Business

Tighten the belt in 2010

Here are a few ideas for a spending detox. The value is not the money you save but the lessons you learn about your spending habits. A time-out on spending also might also highlight the difference between needs and wants, which is fundamental if you want your spending to match your priorities.

Food: Cut your grocery bills by using what you have. Sound silly? Take stock of your pantry and freezer and be shocked at all the forgotten fish sticks, rice and tomato soup. Plan meals around those items. If you have a large food cache, you might have to buy only perishables, such as bread, milk and lettuce.

Also, look at the weekly sales advertisement from the supermarket. After your hiatus, can you make a habit of stockpiling sale items? And resolve to try at least one store brand a week. They're cheaper and, often, good quality.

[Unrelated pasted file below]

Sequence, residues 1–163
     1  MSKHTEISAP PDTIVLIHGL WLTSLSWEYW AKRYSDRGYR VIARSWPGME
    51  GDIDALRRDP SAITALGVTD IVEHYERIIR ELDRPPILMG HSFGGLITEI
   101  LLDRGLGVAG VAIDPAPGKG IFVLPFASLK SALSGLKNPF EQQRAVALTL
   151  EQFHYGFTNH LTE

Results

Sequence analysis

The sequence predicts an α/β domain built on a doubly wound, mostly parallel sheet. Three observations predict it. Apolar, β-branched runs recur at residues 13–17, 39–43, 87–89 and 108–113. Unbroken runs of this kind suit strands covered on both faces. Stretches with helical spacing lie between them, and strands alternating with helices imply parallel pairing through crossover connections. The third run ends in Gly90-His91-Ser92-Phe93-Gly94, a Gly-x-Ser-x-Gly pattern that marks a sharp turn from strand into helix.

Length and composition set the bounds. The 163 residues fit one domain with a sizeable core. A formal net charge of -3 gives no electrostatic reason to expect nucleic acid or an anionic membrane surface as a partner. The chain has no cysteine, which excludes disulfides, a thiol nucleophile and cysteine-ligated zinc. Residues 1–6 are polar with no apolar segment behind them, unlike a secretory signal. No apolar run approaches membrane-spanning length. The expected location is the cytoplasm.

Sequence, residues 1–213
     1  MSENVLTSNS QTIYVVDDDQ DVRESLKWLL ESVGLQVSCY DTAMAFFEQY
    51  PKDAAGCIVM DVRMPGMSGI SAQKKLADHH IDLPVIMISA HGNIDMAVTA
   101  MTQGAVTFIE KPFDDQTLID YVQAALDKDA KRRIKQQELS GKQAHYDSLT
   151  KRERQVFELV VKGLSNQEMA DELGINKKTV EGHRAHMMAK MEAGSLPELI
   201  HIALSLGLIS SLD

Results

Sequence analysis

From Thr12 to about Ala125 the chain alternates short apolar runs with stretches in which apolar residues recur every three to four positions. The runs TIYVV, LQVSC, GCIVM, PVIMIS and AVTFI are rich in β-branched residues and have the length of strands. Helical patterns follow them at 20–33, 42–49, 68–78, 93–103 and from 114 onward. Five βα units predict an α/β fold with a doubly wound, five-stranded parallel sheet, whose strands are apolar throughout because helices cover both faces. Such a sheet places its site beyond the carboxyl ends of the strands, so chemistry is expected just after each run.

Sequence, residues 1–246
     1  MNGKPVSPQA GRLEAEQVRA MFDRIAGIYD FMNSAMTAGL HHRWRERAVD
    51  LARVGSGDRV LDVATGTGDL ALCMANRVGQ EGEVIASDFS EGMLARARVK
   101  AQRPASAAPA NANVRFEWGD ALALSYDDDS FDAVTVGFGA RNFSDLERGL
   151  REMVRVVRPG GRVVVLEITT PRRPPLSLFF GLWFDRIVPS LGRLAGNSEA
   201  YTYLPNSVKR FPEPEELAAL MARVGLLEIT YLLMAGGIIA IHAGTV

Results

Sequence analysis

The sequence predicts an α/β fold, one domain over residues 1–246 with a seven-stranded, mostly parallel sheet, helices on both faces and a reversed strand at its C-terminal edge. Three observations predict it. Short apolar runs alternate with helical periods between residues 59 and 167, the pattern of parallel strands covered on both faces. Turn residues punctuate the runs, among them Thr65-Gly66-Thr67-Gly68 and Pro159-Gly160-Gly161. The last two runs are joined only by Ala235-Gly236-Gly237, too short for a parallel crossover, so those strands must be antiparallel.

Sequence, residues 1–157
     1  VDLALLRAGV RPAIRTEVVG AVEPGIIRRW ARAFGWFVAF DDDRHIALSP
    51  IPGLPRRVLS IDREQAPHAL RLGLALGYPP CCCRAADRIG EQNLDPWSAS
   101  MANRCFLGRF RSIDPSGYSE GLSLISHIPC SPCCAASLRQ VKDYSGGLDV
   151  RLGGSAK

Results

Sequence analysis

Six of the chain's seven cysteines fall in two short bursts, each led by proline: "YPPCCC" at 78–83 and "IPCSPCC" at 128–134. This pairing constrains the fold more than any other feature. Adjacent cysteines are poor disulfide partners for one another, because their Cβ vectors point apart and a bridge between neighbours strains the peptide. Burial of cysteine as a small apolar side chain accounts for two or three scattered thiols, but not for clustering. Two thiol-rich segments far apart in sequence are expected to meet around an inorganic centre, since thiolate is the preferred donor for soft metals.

Clothing: Buy no clothing, even if it's on sale. Buying clothing on sale doesn't save near as much as not buying at all. "A fiscal fast is the perfect opportunity to empty out your closet and rediscover all those terrific garments you've forgotten about," writes Jeff Yeager in his book The Ultimate Cheapskate's Road Map to True Riches.

Visit a thrift store or consignment shop to see what's available. Is there anything you could see yourself wearing? Can you buy clothes of a higher quality than you could afford to buy new?

McClatchy-Tribune

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